Mary’s song was sung in joy that God had chosen her, a lowly and obscure young woman, to give birth to hope for the world. But she soon learned that such hope can pierce one’s soul, and thirty years later, or so, she discovered that God’s promise to turn the world upside down can demand everything of us. At Lambeth, surrounded by our sisters and brothers of the ‘two-thirds world’, where faith somehow flourishes in the face of daily persecution, grinding poverty, almost unimaginable hardship, rejection and exile we found ourselves called to account by Mary and her Magnificat.
It is true, you know, God does lift up the lowly. I think of Daniel, one of the ‘lost boys’ of Sudan, stolen from his family and never returned, escaping to refuge in Ethiopia only to be exiled again, finding his way after much hardship to a refugee camp in Kenya. In all this, God was very present to him. He was ordained in that camp, met Rachael, herself separated from her family by the civil war, and they married. Further exile to Australia, where Rachael earns a living as a cleaner to care for their seven children, and now Daniel is a bishop in his home country, South Sudan, a land of terror and political corruption, and thankful to be reunited with Rachael for a while at a university campus in Kent.
At Lambeth every day we celebrated such stories of fortitude, faithfulness, Godly blessings showered on the lowly, and we Westerners, so secure in our wealth, found ourselves wondering where we fitted into Mary’s song – amongst the lowly, or the rich who are sent empty away. There is an unavoidable poignancy to St Paul’s words (in our first reading), telling us that we are no longer slaves but children, redeemed by God’s Son, born of a woman, when those words are heard in company with people whose countries still suffer the economic consequences of the slave trade.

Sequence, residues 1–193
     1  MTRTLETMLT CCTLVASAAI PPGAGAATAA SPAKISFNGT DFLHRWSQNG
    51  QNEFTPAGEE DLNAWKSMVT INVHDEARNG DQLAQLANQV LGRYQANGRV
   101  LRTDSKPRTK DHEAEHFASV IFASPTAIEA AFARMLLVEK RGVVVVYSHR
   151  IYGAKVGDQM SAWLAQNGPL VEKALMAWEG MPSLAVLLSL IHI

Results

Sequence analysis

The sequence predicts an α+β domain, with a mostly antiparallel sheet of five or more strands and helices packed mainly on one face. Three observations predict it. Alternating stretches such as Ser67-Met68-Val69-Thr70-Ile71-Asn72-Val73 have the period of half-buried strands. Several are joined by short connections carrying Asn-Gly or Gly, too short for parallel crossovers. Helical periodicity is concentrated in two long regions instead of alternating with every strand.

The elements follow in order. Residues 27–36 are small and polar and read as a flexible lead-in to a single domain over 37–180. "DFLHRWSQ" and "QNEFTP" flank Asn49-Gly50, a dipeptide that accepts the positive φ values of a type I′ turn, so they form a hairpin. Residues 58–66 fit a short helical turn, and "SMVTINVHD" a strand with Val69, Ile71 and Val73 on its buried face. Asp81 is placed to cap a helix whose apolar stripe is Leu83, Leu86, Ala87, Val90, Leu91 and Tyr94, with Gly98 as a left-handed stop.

This isn’t about wallowing in guilt. Guilt, important though it is as a moral barometer, is most often an unproductive emotion. We are who we are, and we are faced with living faithfully in the culture we have inherited. I suppose what I’m saying is that two weeks in a global gathering has taught me all over again what it means to be connected, to be part of one human race. And whilst we, certainly, have monetary riches and these riches can be transformative when shared with those living in abject poverty, in the end it is only money. And the riches we receive in return from our brothers and sisters serving God in the church, in our church, in places far distant from us, are immeasurable – riches stored up in heaven where moth and rust, inflation and interest rates cannot destroy.
This feast of St Mary is often described as the Assumption. Some parts of the church hold that Mary was lifted up body and soul into heaven at her departure from this world. We don’t need to believe that, however, to recognize that in the mother of our Lord we see the lowly lifted up, we see the intimations of the glory that awaits us all. Glory that even now we glimpse, even in this broken and breaking world, even in our disunity and our negligence of God’s gifts. Glory Clare and I were privileged to encounter at the Lambeth Conference, in meal queues and bible studies, and in the touch and the glance of those with whom we disagreed. Glory all of us encounter every day, if our eyes are open to see, glory in our gathering here, glory in the bread we share, glory in the music and laughter, the art and drama of this festival city, glory in the exuberance of a child, glory in the slow passing of life in the dying.
Hard won glory sometimes, costly glory, but glory nonetheless for, as Mary understood, in all this we may discern and proclaim the greatness of God.